Venue: Hotel Archduke Stefan
Event type: Art music culture
Date: 26/11/1850 5pm
Keywords: Acoustics, Audience attendance, Instrument makers and repositories, Genres - Chamber music, Genres - Secular solo vocal music, Genres - Solo and concertante instrumental music, Impresario and individual arranged events, Public performance events, Restaurant - coffee house - hotel - inn events
News was published by Bohemia 22/11/1850 that on Tuesday 26th November Mr Pixis and Mr Smolař would give a farewell evening soirée in the Guesthouse Archduke Stephan at 5pm. No further details of the occasion were given by the text. On the following day Prager Zeitung 23/11/1850 also reported the date, venue and time of their next performance, and that the occasion promised to be ‘highly pleasurable’. Bohemia 24/11/1850 published more full details of this event in the section Lokalzeitung, specifying the date, time, venue, other participating artists and the complete programme of this farewell soirée in projected performance order. The event was also listed in the Tagesanzeiger texts of Bohemia 24/11/1850 and 26/11/1850.
A review, signed ‘V.’, of this event was published by Bohemia 29/11/1850. This began by remarking that Prague had very few halls appropriate for musical productions, and in the event of the ‘Platteyßhause’ or the Žofín Hall being unavailable there were few suitable alternative venues. The salon in the Guest house ‘zum Erzherzog Stephan’ was praised for its good acoustic, but the venue was said to be limited in capacity and unsuited to larger productions. For concerts without orchestra it ‘fulfills its purpose perfectly’; the farewell soirée given by Pixis and Smolař was in this respect successful and was noted to have attracted an excellent attendance. The Bohemia critic then commented upon the violinist Pixis, noting that his performancestrikingly testified to the veracity of what had been already written about him following his first concert. The fourth number of the programme, the ‘Morceau de Salon’, showed him to be a ‘pure singer on the violin [i.e. commanded a lyrical and excellent tone], and the Phantasie on Swedish folksongs to be a tasteful composer and brilliant virtuoso.’ Interestingly, the two joint compositions by Osborne and Bériot and by Wolff and Vieuxtemps were ‘only through the so brilliant performance ... to some extent enjoyable. The concert-giver deserves much greater thanks for his choice of the Andante and Finale from the A-major, well-known Kreutzer Sonata by Beethoven. Pixis was described as an ‘ingenious and magnificent interpreter’ of the work, and the performance was ‘sublime’. Evidently contributing to this success was the ‘delicate and mature’ playing of Smolař that eschewed emphasis on bravura. The pianist also performed his own composition of Reminiscence on Donizetti’s Lucrezia Borgia as well as Liszt’s Hungarian Melodies [Ungarische Melodien] that he had given in a concert the previous year, and which also on this occasion had been received with great applause and on general demand had to be repeated. The piano, an instrument by Streicher, was said to have had a very full tone to the extent that sometimes it was too loud for the acoustic of the room. This was not a problem in the works in which Smolař performed ‘with the most delicate and finest nuances’ as an accompanist.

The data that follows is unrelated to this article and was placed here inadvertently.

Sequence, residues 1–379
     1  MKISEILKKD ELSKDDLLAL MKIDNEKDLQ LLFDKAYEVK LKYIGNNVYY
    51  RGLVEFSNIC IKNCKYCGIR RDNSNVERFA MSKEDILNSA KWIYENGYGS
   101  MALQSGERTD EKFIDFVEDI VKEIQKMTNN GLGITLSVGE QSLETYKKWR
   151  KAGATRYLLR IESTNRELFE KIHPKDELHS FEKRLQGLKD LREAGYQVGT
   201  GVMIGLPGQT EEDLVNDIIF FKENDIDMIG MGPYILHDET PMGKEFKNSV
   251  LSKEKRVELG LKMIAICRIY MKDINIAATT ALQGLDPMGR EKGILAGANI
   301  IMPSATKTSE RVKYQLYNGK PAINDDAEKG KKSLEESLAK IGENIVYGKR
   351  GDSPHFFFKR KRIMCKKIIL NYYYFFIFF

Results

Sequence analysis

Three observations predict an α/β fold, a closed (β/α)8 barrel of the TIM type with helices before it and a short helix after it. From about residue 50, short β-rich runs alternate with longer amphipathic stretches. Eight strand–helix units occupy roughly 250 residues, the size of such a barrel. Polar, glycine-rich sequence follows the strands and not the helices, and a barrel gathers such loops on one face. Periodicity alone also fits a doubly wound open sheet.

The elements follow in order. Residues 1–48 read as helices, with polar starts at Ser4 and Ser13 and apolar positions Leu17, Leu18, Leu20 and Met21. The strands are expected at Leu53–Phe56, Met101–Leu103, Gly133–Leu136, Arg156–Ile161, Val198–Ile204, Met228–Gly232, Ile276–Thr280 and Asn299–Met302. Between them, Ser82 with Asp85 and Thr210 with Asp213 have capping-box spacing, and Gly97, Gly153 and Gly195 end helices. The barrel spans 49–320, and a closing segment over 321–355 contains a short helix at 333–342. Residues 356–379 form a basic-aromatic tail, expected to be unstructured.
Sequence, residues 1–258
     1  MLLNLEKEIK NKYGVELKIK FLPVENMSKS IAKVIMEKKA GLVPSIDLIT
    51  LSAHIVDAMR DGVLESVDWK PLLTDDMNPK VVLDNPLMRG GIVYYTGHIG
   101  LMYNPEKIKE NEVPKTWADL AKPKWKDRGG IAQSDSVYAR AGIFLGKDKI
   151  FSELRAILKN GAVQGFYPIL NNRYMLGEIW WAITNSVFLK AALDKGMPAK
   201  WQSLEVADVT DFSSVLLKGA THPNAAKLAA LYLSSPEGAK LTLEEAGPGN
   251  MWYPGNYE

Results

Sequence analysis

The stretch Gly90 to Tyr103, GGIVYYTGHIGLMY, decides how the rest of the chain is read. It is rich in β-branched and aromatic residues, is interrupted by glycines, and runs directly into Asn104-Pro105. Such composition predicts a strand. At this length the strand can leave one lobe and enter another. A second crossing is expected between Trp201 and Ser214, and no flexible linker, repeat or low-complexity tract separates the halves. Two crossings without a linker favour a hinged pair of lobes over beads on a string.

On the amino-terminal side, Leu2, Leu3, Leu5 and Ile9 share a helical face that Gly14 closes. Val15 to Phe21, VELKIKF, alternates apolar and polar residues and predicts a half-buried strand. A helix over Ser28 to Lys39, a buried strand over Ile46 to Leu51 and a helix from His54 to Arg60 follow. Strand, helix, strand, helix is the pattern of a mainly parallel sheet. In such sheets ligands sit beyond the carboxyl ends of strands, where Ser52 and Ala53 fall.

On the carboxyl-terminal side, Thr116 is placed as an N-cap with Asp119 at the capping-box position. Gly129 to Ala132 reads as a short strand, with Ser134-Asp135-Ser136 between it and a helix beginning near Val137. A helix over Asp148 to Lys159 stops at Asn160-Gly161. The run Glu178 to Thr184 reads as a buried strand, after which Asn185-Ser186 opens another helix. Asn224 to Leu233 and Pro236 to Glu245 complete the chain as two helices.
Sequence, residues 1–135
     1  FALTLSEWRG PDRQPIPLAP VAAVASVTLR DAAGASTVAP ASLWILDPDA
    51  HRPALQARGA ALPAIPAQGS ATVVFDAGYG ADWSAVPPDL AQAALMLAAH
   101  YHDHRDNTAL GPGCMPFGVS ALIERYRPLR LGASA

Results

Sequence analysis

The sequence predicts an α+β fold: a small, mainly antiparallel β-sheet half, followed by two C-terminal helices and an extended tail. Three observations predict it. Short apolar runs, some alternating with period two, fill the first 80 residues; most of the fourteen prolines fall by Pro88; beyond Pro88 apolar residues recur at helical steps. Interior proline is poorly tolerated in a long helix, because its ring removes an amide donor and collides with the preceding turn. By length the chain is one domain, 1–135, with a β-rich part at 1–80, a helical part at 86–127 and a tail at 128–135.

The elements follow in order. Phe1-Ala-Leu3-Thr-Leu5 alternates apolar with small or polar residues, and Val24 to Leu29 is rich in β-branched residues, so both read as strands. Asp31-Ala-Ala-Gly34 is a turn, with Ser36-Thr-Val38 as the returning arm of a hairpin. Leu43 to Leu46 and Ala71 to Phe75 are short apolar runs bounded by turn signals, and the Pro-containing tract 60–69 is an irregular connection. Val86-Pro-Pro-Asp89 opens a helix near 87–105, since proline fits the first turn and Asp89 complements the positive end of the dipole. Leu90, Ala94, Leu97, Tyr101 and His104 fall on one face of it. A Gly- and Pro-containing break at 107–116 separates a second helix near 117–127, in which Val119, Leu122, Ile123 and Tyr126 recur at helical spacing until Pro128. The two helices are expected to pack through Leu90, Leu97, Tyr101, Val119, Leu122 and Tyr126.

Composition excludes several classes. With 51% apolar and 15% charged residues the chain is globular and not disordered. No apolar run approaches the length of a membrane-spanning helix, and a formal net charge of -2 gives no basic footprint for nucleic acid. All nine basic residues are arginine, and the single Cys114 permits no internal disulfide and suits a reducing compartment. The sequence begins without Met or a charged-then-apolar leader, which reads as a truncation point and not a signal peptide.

Of the remainder of the concert the Bohemia critic related that Strakatý ‘lyrical singer par excellence’ performed Loewe’s song An das Meer to words by Ferdinand, Prince Schwarzenberg, and an unspecified ‘old Slavonic song’ which had to be encored. Mrs Botschon-Soukup [Soukupová] gave unspecified songs by Molique and Mendelssohn as well as Schumann’s Frühlingsnacht. Her ‘brave’ choice of these works thought by the correspondent to be particularly deserving of praise; the song by Schumann was ‘particularly gratifying’ on account of the composer ‘not being a favourite of the concert- and salon-[going] public’. The work was received with enthusiasm and was repeated.
The works are listed in the database event record in the order specified by the Bohemia 24/11/1850 report, including further details from the subsequent Bohemia review.